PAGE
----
There are many ways to control an animation using the tools that Adobe has provided in After Effects. In today’s tip, we’re going to take a look at three: keyframes, expressions, and a layer’s In Point.
Keyframing can work when you have a few complex animations to make that are not easily described by an expression. It also works when you wish to have direct control over an animation. The drawback, however, is when you wish to make any changes. If the changes made affect any major component of your animation, you may find yourself going back and tweaking every single keyframe. Multiply this over the number of tweaks you are likely to make to get something just right, and you can see where things might bog down. On the other hand, if you are working within very defined parameters, it might just do the trick!
Changing the In point of a layer, however, is useful for when you have a large number of layers of the same or similar type following a same or similar expression, and when you want to have precise control of exactly when the layers enter the comp. By creating your original layers with the appropriate effects, keyframes, and/or expressions, and then duplicating them as your needs require, you can have multiple instances of the same layer beginning at different points in your composition without the need to manually move keyframes or write complex expressions. To position the layer, simply click on the layer that you wish to position, and drag it to the time where you wish to see the layer begin.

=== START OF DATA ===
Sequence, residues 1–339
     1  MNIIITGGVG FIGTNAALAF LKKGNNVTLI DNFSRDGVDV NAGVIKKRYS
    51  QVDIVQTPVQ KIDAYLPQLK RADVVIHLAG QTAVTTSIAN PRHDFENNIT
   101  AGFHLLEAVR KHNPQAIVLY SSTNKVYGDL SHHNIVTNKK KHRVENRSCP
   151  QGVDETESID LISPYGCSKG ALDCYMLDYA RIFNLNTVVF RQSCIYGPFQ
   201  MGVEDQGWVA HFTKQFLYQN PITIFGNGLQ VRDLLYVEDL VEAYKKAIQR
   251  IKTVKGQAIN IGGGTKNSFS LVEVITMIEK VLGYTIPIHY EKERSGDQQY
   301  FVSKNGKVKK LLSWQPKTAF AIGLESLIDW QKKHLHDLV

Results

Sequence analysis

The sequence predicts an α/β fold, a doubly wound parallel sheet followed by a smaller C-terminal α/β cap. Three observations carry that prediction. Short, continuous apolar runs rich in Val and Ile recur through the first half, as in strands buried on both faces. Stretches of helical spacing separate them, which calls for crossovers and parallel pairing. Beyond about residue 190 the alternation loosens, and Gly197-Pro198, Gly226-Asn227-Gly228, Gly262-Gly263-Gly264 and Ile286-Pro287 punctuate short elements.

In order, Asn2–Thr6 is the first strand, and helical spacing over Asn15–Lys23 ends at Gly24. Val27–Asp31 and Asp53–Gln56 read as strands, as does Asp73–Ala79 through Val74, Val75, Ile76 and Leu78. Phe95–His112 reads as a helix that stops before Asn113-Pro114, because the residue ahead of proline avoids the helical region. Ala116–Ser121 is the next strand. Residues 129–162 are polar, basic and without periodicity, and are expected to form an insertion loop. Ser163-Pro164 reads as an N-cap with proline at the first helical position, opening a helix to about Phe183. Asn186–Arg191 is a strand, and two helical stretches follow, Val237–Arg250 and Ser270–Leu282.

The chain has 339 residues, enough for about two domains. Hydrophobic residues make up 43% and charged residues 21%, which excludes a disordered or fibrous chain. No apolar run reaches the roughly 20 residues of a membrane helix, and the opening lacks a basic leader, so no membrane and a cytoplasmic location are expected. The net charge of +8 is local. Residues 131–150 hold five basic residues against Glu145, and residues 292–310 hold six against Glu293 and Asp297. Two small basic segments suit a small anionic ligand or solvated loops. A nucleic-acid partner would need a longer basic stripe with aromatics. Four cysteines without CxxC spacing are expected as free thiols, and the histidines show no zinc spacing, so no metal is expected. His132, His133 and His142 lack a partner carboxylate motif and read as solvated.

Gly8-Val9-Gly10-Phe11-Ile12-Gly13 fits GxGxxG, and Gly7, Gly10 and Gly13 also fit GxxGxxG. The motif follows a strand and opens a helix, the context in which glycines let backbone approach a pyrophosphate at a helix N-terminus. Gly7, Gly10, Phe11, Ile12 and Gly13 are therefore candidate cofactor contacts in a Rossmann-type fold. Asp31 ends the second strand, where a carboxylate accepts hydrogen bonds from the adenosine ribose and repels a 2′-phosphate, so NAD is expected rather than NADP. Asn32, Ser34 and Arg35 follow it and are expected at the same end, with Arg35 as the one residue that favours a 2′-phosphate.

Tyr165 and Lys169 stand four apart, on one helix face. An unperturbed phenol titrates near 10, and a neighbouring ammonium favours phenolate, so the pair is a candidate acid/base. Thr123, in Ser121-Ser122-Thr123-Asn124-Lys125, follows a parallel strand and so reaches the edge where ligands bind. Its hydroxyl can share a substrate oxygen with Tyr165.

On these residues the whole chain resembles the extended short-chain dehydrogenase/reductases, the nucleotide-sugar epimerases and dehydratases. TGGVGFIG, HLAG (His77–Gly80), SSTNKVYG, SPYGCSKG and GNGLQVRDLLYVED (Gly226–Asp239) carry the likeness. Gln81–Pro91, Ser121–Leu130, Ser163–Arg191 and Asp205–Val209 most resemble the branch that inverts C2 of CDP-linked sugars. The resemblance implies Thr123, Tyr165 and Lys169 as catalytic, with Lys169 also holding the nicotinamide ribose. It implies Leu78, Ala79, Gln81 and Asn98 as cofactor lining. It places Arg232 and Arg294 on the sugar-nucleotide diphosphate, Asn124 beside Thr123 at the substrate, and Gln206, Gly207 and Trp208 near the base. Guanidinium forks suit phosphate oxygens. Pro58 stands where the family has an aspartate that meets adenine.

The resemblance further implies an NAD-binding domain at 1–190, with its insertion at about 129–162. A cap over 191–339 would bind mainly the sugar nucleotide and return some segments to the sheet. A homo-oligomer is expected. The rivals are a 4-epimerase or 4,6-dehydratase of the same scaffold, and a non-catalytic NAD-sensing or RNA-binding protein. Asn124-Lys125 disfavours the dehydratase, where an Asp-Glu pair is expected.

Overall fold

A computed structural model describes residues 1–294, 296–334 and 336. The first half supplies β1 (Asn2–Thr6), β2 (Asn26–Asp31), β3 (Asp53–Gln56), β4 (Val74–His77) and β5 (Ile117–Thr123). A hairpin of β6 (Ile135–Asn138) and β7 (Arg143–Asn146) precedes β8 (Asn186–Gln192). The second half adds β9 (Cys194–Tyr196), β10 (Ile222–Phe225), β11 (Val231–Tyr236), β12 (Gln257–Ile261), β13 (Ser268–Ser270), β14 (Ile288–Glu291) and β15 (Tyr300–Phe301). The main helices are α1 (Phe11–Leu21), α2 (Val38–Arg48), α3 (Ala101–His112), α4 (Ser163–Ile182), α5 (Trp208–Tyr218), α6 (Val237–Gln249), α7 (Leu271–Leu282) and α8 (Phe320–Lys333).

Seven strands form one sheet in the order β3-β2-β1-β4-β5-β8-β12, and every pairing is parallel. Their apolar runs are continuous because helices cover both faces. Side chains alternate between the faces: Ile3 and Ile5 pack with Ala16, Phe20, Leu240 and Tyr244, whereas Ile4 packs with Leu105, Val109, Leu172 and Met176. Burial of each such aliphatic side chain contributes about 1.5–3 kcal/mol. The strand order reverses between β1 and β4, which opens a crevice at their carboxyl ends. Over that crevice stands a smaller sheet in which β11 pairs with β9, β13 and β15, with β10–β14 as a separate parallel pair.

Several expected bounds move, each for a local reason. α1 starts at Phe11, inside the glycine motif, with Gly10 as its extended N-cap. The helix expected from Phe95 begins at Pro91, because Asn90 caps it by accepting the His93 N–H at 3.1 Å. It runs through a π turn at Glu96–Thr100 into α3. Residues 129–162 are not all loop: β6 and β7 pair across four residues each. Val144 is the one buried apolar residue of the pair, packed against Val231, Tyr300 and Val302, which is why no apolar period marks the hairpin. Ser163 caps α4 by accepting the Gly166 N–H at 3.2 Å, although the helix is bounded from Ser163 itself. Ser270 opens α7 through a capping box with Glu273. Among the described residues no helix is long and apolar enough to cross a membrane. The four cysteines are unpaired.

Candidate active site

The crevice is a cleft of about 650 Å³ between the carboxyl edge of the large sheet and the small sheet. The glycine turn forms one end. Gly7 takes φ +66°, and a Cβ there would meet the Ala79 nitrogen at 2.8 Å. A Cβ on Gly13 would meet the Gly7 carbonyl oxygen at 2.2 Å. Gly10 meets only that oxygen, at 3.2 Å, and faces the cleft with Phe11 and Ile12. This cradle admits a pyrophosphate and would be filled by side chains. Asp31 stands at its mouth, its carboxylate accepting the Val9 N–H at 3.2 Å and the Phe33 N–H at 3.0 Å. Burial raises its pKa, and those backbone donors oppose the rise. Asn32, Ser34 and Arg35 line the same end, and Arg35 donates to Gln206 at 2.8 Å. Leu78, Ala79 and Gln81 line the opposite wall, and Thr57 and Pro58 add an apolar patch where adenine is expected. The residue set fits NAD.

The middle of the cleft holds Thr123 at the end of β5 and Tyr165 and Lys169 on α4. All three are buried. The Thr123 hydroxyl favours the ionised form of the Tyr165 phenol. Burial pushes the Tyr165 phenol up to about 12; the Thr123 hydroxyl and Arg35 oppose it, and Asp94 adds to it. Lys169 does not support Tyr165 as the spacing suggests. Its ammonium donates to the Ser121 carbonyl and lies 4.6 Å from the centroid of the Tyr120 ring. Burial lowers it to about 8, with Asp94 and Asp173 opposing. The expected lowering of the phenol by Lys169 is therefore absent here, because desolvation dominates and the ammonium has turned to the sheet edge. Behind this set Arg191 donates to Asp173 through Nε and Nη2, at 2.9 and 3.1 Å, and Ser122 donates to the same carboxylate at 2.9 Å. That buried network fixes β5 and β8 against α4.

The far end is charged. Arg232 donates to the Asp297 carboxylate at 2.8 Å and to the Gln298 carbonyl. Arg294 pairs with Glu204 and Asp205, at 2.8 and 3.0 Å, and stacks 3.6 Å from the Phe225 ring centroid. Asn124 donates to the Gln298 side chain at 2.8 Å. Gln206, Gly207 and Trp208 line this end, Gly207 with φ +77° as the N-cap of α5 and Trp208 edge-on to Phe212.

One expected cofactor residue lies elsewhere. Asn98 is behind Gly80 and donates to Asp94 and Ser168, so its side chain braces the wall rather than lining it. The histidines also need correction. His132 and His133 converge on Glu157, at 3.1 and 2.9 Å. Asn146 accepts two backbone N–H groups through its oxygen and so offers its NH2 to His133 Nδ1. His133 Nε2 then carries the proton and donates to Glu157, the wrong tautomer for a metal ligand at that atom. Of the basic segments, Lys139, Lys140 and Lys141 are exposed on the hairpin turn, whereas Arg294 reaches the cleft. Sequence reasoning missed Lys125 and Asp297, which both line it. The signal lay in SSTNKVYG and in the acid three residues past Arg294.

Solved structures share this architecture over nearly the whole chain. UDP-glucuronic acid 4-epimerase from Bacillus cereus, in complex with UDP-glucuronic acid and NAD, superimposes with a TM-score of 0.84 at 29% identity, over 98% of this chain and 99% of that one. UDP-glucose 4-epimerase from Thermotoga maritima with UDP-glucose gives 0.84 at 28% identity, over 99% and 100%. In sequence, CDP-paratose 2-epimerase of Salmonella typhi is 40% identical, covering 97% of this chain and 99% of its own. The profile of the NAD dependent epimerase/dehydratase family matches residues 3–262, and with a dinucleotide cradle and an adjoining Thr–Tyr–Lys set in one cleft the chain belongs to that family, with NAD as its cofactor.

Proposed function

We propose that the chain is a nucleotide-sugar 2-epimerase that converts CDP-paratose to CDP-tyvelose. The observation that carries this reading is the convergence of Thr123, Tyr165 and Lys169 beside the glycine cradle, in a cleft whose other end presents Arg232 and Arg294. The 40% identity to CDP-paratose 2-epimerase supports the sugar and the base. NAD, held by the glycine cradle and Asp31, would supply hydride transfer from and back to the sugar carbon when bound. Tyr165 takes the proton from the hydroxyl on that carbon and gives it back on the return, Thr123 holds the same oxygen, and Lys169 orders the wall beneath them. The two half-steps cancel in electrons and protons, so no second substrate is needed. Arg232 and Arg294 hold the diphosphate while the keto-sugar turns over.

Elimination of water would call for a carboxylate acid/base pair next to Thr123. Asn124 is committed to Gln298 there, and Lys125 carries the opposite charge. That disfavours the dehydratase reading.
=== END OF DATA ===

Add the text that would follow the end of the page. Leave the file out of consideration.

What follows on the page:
To make things even more simple, put the Current Time Indicator (CTI) at the frame where you wish the layer to enter the comp, then click and hold the layer, press the shift key, and drag the In point near the CTI. The layer will then snap into place at the CTI.
See the animation attached to this post for an example of a comp using all three techniques listed above. The tree branch growth was made using keyframes on motion paths, the cherry blossoms were made using multiple instances of the same layer animated in by changing the layer’s In Point, and the breeze was made using a Wiggle Expression on distortion points using the Puppet Pin and Puppet Starch tools.